Jacob, Dr. 13 Big Dick, 13 Bills of Credit, 13 Bilboes, 13 Births, 13 Blackstone, William 14 Blaine, James G 14 Black Maria, 14 Blockade, 15 Booth, Junius Brutus 15 Booth, John Wilkes 15 Boston, 15 Board of Trade, 16 Bonaparte, Jerome 16 Boston Stone, 16 Boylston, Zebdiel 16 Boylston, John 16 Branded, 16 Bread, 16 Bristol Bill, 17 Brigham, Peter Bent 17 Bridges, 17-19 British Soldiers, 19 Brown, John 20 Brownlow, Gov 20 Bruce, Sir Robt 20 Bulfinch, Charles 20 Bunker Hill Monument, 20 Burnside, Gen 20 Burrill, Charles 20 Burroughs, Stephen 20 Burgoyne, John 20 Burns, Nellie 20 Burial Grounds, 20 Butler, Gen. B. F. 21 C. Cages for Criminals, 22 Cahill, Thomas 22 California, 22 Canadian Rebellion, 22 Canals, 22 Can-Can, 22 Carriages, Supt. of 22 Cards and Dice, 22 Cards, Hand 22 Carr, Sir Robert 23 Carnival of Authors, 23 Carson, Kit 23 Cass, Lewis, Ge
egiment: Davis, J. Lucius, colonel; Duke, Richard Thomas Walker, colonel; Fry, Hugh Walker, Jr., major; Harrison, Randolph, lieutenant-colonel, colonel; Hill, James C., major; Richardson, John H., lieutenant-colonel, colonel; Wise, Peyton, major, lieutenant-colonel. Forty-sixth Militia regiment: Johnson, John H., colonel. Forty-seventh Cavalry battalion (consolidated with Forty-sixth battalion to form Twenty-sixth Cavalry): Harman, William N., major. Forty-seventh Infantry regiment: Bruce, James D., major, lieutenant-colonel; Green, Charles J., major; Green, William J., lieutenant-colonel; Lyell, John W., lieutenant-colonel; Mayo, Robert M., major, colonel; Richardson, George W., colonel; Tayloe, Edward Poinsett, major. Forty-seventh Militia regiment: Harris, Benjamin J., major. Forty-eighth Infantry regiment: Campbell, James C., major; Campbell, John A., colonel; Dungan, Robert H., lieutenant-colonel, colonel; Fans, Wilson, major; Garnett, Thomas S., lieutenantcol-onel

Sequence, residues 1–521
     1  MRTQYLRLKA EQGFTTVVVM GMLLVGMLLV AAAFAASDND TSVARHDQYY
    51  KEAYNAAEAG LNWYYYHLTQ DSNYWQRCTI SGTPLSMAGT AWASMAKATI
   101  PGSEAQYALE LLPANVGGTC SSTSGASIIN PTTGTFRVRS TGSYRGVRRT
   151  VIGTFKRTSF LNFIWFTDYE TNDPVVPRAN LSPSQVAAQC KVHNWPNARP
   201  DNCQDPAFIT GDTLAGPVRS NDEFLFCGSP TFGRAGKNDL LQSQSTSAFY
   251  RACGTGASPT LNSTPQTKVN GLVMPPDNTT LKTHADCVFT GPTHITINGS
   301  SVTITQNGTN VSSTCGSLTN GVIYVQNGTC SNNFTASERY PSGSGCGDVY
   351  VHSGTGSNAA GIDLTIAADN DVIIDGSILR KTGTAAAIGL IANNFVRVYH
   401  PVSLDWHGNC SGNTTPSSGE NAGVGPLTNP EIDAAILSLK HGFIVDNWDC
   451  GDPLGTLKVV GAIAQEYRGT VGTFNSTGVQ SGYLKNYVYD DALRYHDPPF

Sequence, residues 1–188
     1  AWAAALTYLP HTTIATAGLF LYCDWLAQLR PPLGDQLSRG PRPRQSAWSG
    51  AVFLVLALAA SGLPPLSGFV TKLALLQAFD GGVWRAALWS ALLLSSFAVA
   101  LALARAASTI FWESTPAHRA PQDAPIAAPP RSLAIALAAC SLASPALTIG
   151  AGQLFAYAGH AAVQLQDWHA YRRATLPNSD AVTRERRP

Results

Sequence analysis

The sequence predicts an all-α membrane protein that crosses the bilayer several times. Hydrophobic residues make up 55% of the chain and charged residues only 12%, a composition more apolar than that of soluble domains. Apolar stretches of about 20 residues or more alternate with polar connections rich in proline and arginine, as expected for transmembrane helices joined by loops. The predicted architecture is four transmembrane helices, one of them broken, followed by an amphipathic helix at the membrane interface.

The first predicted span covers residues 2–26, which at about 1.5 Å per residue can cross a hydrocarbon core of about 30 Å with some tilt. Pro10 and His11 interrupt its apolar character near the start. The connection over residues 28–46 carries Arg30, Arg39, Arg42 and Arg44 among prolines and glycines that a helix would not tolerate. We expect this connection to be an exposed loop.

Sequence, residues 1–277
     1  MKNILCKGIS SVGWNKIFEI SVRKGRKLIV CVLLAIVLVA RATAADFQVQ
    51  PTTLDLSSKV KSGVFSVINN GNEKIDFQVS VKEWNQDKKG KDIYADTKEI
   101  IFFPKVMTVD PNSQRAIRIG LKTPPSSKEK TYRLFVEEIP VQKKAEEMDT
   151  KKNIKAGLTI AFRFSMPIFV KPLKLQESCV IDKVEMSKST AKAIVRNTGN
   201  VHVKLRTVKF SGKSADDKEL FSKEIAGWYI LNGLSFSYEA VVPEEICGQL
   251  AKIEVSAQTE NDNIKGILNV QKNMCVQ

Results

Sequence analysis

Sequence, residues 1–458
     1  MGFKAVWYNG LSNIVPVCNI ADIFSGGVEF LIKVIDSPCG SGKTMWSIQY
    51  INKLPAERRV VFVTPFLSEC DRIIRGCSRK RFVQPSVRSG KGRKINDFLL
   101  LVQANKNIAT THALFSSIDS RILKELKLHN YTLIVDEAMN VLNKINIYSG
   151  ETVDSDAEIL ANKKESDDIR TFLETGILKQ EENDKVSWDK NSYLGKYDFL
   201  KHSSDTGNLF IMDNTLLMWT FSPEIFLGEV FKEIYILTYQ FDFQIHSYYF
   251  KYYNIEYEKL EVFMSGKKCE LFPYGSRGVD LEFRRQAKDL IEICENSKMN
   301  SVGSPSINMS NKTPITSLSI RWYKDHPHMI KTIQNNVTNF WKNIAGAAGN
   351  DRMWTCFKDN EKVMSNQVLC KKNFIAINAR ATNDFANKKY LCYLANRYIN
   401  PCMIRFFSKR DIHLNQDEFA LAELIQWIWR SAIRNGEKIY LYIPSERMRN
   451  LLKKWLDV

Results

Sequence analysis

Brigadier-General Ellison Capers, Confederate Military History, a library of Confederate States Military History: Volume 5, South Carolina (ed. Clement Anselm Evans), Additional Sketches Illustrating the services of officers and Privates and patriotic citizens of South Carolina. (search)
ature, and immediately afterward he was a member of the convention of 1865 and of the legislature next following, and was elected to the State senate for four years in 1881. From 1891 to 1894 he was engaged in the correction of the indexes of the records of the secretary of state's office, and in 1894 was appointed postmaster of Columbia by President Cleveland. By his marriage in 1848 to Victoria C., daughter of Dr. John McLemon, of Florida, Colonel Wallace has six children living: Andrew, Bruce, William, Edward, Barton, and Margaret I. After the death of his first wife he married, in 1876, Mrs. Fannie C. Mobley, nee Means. William Lewis Wallace, M. D., was practicing his profession in 1861, after full preparation for it, when his duties were arrested by the alarm of Federal invasion. He was a member of a volunteer company called Marion's Men of Winyah. This company being called into service in May, 1861, Dr. Wallace accompanied it as a private for six months, and when the com